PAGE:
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AG Nessel Joins Coalition in Fight for States' Power to Enact Public Health Policies That Will Protect Against Opioid Overdose Deaths
October 01, 2021
LANSING - Michigan Attorney General Dana Nessel joined a coalition of 11 attorneys general in a friend-of-the-court brief urging the Supreme Court to hear a case supporting states' rights to enact public health policies that can prevent opioid overdose deaths and treat those suffering from opioid use disorder.
The coalition, led by District of Columbia Attorney General Karl A. Racine, is asking the Supreme Court to review a ruling by the U.S Court of Appeals for the Third Circuit that prevents Safehouse, a Pennsylvania nonprofit, from operating a lifesaving "safe injection site" that can prevent opioid overdose deaths. This medically-supervised site would afford those who consume opioids immediate medical care in the event of an overdose. The Trump Administration sued to prevent Safehouse from operating the program.
"Preventing Safehouse and entities like it from operating will not save lives or reverse the harm inflicted by this ongoing epidemic - it only penalizes people struggling with an opioid addiction," Nessel said. "It should be up to individual states and communities to oversee and implement public health policies and I join my colleagues in urging the Supreme Court to hear this case."
Medical supervision saves lives because death can occur within minutes of using heroin or fentanyl, a dangerous synthetic opioid, often too quickly for emergency responders to arrive on the scene. These sites also reduce the risks associated with public usage and contaminated needles. Safehouse also plans to offer drug treatment options, primary medical care, and wraparound social services that can help treat those suffering from opioid use disorder. There are approximately 120 safe injection sites operating in ten countries around the world.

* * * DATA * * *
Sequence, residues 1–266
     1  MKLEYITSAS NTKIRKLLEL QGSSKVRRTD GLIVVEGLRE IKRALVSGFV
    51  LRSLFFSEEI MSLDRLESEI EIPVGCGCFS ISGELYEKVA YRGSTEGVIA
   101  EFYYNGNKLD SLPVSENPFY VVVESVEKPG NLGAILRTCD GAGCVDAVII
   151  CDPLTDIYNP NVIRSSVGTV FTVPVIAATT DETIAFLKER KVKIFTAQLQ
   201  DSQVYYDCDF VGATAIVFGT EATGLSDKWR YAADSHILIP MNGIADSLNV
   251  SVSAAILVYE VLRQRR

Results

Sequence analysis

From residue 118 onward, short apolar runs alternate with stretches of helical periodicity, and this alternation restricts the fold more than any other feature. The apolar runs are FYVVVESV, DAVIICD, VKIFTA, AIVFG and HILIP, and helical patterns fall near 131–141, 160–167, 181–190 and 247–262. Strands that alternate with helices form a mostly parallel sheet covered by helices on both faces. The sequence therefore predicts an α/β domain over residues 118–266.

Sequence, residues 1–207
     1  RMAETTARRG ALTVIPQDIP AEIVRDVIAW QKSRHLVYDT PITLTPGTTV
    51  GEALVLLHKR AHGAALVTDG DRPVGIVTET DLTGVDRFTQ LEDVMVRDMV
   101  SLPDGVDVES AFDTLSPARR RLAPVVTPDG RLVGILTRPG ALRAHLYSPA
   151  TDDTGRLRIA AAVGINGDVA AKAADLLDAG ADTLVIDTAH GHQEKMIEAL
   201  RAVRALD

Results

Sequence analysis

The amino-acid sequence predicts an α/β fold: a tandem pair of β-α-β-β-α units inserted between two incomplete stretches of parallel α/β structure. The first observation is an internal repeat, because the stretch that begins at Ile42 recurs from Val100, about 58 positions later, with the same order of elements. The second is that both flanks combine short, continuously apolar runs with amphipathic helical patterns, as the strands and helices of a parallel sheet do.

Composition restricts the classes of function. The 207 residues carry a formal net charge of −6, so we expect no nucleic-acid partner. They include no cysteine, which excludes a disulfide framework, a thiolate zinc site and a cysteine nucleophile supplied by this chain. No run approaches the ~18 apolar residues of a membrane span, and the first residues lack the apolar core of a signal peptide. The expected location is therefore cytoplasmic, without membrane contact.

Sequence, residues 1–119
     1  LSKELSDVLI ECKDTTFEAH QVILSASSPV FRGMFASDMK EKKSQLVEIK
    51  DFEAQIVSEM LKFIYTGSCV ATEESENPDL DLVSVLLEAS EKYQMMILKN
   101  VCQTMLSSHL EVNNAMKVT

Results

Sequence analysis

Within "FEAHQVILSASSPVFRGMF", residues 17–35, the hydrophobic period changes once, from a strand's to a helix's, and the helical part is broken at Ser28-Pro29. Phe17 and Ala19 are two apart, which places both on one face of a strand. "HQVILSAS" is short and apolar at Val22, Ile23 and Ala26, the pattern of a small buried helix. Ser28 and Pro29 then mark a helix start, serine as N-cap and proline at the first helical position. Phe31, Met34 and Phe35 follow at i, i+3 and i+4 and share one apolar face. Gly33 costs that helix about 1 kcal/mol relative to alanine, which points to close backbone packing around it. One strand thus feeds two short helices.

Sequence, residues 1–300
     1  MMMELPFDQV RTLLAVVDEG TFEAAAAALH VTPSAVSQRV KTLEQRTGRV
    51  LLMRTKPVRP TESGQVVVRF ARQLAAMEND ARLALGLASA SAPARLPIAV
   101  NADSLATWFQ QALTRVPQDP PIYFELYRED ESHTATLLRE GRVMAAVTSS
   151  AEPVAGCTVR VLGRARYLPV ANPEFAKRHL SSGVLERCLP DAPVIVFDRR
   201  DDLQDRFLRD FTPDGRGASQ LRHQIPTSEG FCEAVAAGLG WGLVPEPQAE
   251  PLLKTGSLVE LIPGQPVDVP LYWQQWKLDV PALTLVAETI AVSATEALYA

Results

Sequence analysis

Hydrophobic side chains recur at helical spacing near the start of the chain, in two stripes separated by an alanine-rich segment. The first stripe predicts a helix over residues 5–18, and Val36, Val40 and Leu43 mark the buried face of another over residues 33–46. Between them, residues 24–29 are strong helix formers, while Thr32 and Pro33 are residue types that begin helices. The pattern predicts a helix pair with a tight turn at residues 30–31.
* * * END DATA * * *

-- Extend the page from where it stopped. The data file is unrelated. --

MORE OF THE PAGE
According to the Centers for Disease Control and Prevention, 136 Americans die each day from an opioid overdose. Opioid deaths have been on the rise in the United States since 1999. The death toll now totals nearly 500,000.
In their brief, the attorneys general support Safehouse and urge the Supreme Court to hear this case because:
- This is an issue of national importance that requires innovation at the local and state levels: The opioid crisis affects every state in the nation, including the District, which has been disproportionately impacted by the crisis. States have reported startling numbers of overdose deaths and other dire consequences stemming from opioid use disorder. Many states and local governments are considering safe injection sites as one way to prevent overdose deaths and promote public health. The Court's decision about the future of Safehouse could impact the future of other similar sites.
- The ongoing COVID-19 pandemic has heightened the opioid crisis and reinforced the need for more solutions: According to the American Medical Association, every "state has reported a spike or increase in overdose deaths or other problems during the COVID-19 pandemic." And individuals with substance use disorders are at increased risk of COVID-19 exposure and of severe disease due to COVID-19. Safe injection sites like Safehouse offer users medical care along with life-saving support, including immediate access to sterile injection equipment, opioid reversal agents like Naloxone, and pathways into drug treatment programs.
- States have a well-established role in enacting public health and safety programs: States are on the front lines battling the opioid crisis and have historically enjoyed broad powers to protect public health. For example, many states have implemented Good Samaritan laws, which encourage victims and bystanders to seek help for those experiencing a drug overdose by offering limited immunity from drug-related charges. States have also implemented needle exchange programs, which provide clean needles to prevent the spread of diseases. It is crucial that states and localities maintain the flexibility to act quickly to adopt public health solutions that address their residents' needs.
Joining Attorney General Nessel in this brief are the attorneys general from Delaware, the District of Columbia, Illinois, Massachusetts, Minnesota, New Mexico, Oregon, Rhode Island, Vermont, and Virginia.